The best labour lawyers represent employers or employees before these agencies, especially with the CIRB, such as during the certification process of trade unions, or when dispute resolution services of CIRB are availed of.
Canadian laws on labour relations are found in Part I of the Canada Labour Code, and the Federal Public Sector Labour Relations Act. Both statutes have different applicability, hence, it is better to consult with labour lawyers on the distinctions of the two.
Generally, the Code and the Act provides for the right of the employees to collectively bargain from their employers – from the procedures of certifying trade unions to become bargaining agents of a bargaining unit, and to the grounds of possible revocation of said certification. After certification, the Code and the Act provides for the duty of the employer to accede and to collectively bargain with the bargaining agent, among other rights and obligations of both parties to the collective bargaining agreement.
When indifferences or labour disputes arise, either out of the minimum labour standards or alleged violations of the collective bargaining agreement, the Code and the Act provides for remedies of both parties. A strike or lockout may be resorted to by the trade union, subject to certain conditions as provided by the Code or the Act. Conciliations, arbitrations or mediations may also be resorted to as regards the negotiation of the collective bargaining agreement, labour disputes, or other matters as provided in the Code and the Act.
At any stage of these rights, obligations, and procedures, labour lawyers assist clients – either the employer or the trade union – to arrive at solutions best suited for both parties, in relation to the principle of collective bargaining where both parties should bilaterally benefit from it.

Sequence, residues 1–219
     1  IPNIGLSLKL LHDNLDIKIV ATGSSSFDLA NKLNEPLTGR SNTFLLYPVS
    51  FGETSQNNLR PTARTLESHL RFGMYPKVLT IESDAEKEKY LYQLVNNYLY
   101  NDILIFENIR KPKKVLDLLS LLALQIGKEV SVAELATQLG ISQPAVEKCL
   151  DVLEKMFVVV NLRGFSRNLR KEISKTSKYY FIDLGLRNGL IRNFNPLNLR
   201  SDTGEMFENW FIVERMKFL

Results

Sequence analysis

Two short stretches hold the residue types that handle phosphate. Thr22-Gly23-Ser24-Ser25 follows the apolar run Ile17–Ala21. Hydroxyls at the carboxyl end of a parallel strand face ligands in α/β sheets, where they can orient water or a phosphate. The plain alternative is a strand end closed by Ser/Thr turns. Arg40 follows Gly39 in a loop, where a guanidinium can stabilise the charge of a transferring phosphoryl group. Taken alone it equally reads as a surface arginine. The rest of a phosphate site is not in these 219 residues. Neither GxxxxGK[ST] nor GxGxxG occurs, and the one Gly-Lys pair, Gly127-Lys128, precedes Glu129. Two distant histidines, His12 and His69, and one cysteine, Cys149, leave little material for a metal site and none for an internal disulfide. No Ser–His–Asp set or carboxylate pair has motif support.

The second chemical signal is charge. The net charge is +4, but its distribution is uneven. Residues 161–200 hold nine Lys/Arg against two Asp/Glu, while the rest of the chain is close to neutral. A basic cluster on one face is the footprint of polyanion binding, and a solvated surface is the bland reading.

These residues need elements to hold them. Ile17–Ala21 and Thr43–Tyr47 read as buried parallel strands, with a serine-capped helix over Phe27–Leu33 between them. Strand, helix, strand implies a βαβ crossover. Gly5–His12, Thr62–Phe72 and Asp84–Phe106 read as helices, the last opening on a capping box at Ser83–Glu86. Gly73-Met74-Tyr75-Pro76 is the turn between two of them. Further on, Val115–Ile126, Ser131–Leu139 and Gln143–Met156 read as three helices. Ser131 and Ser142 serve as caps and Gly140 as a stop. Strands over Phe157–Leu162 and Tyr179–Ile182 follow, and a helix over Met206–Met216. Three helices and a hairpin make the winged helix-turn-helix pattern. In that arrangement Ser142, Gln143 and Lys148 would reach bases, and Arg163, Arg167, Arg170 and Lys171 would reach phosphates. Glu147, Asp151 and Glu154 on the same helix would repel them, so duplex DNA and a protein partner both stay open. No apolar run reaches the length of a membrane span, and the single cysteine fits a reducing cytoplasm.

The federal, provincial and territorial government has various roles in labour relations. Labour disputes, strikes or lockouts may be prevented through enforcement of minimum labour standards for employees through government regulation, and other proactive measures to maintain industrial peace between employers and employees. When such disruptions occur, the government assist in negotiations through its agencies empowered to conduct alternative dispute resolutions. Also, by enacting or updating labour laws, the government makes these laws relevant which needs to keep up with the current trends of commerce and technology.
Unfair labour practises are explained in Part I of the Canada Labour Code, which may be committed in several ways, and not only be employers, but also persons representing or acting on behalf of employers, and even trade union members or officers.
Section 94(1) of the Code prohibits employers from interfering with the formation of a trade union in the workplace, or from financially contributing to the trade union to prevent its undue influence thereto, with the following exceptions in Section 94(2). On the other hand, Section 95 of the Code lists of various ways where trade union officers or members may commit unfair labour practise.
Complaint on violations of unfair labour practises may be filed by any employee, or trade union members or officers, before the Canada Industrial Relations Board (CIRB), where complainants may be assisted by labour lawyers. Also, complainants may consult with labour lawyers on the strength of such complaints, and other remedies available to them.
In need of assistance with regards to any provision of Canadian labour laws? Consult with the list of the best Lexpert Ranked labour lawyers by heading down to the list below.